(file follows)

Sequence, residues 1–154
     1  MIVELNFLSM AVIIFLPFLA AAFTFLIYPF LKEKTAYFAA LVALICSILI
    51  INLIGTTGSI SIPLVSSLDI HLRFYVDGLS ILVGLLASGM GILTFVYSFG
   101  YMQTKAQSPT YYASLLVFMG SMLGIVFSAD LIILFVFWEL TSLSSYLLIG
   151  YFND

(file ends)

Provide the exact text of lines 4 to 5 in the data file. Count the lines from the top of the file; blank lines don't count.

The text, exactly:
   101  YMQTKAQSPT YYASLLVFMG SMLGIVFSAD LIILFVFWEL TSLSSYLLIG
   151  YFND